Sunday, August 31, 2008

Gustav's guests

Hurricane Gustav is bearing down the coast, and being a good distance inland, and right on I-30 (the interstate that connects Dallas with Little Rock), Mount Pleasant is getting evacuees. The local motels are all full, and the family life centers at the local churches are beginning to fill up. I'm off this Monday, so I have a full weekend off - the first since Armadillcon - and I'm using the time to get caught up with my record keeping.

I took a minute to compile all the lists of story ideas I had sitting around. One list was almost three years old, from Sept. 2005. The first story on that list was "The Witch of Waxahachie". The new list has 70 story ideas.

Monday, August 25, 2008

Summation of Armadillocon

This year’s event was the first time I attended since 2004, and the first time I was a panelist. Conflicts with job-related events kept me from attending the past few years. I must say I was very impressed with the quality of both the panels and the guests. I was happy to buttonhole con chair Kurt Baty on Sunday and tell him that.
Considering that I’m not from Austin, and that I really work on the fringes of the genre, I am very satisfied with what I learned and what I took away from the event. Unfortunately, I probably walked on eggshells the whole time because of my bad experience last year when I attended the NASFIC in St. Louis and ended up in the ER Sunday afternoon. I have perennial problems now with allergies during the summer, and this is right at the time of the year when I get the sickest. Last year a combination of exhaustion and the unintentionally-bad idea of riding the train to St. Louis made my ear explode into a full-blown infection that took a month to beat down (I probably need to mention that when I have allergies, my ears get congested worse than my sinuses – probably a lingering side-effect of being a forceps baby).
This year I was afraid of getting sick again while out of town, but everything worked out for the best and I made it home safe and sound. Now onward to Fencon in October!

Sunday, August 24, 2008

Nothing much to report

I have to say that, after finishing and sending off "Dance with me, Henry" and then going to Armadillocon last weekend, I'm taking a bit of a breather. My main project this week was listing a piece of property we own near Cedar Creek Lake. It's almost an acre of land with an undeveloped cabin on it. We bought it for a song at a tax sale five years ago. Unfortunately, I changed jobs and subsequently we haven't lived very close to it. Also, I've used my free time to develop my fiction writing skills. We decided it was time to sell it, since it doesn't look like we'll ever do anythimg with it.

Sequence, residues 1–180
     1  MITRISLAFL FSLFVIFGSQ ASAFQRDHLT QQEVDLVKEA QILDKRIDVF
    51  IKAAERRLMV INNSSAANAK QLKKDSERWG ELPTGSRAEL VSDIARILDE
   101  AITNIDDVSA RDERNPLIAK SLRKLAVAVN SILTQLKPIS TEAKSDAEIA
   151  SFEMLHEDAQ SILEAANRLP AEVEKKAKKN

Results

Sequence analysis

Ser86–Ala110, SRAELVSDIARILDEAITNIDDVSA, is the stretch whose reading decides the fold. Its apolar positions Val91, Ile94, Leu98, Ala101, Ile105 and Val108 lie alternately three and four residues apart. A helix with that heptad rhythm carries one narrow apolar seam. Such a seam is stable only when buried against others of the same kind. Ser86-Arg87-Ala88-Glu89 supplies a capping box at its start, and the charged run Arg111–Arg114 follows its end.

Wednesday, August 20, 2008

Saturday night report


Saturday night at 8 p.m. at Armadillocn featured the panel on "How to Sell a Story to Asimovs". It was a packed house, and the only panel I was on at the whole con where all the panelists were in attendance.

Don Webb, Maureen McHugh and Sheila Williams recounted anecdotes and gave advice. I was the moderator, so I probably contributed the least, but I tried to keep things flowing. I think everyone in the audience enjoyed it. That's Maureen, me, Sheila and Don, in that order, in the photo.

Later in the evening I visited a few suites. The Fencon suite was lively and friendly; ConDFW was a little more subdued, but Dan Robb was there as usual. The Con Suite itself again the best stocked and maintained I have ever seen.

Tuesday, August 19, 2008

More on Armadillocon

I know some people reel out these long blog entries, but I really have other things to do in my life, and so I try to blog only so much per day.

My first panel was Saturday at 11 a.m. I left Mount Pleasant at 5:15 a.m. and made it in exactly five hours. I immediately ran into Maureen McHugh - who I had seen at the Nebulas in April - and Andrew Swann, who I had never met. He's from the Cleveland area and knows Maureen from when she lived up there. He's a real nice guy and a very accomplished author. I had them in stitches describing the crackpot plot of my high alternate history book, "Dance With Me, Henry."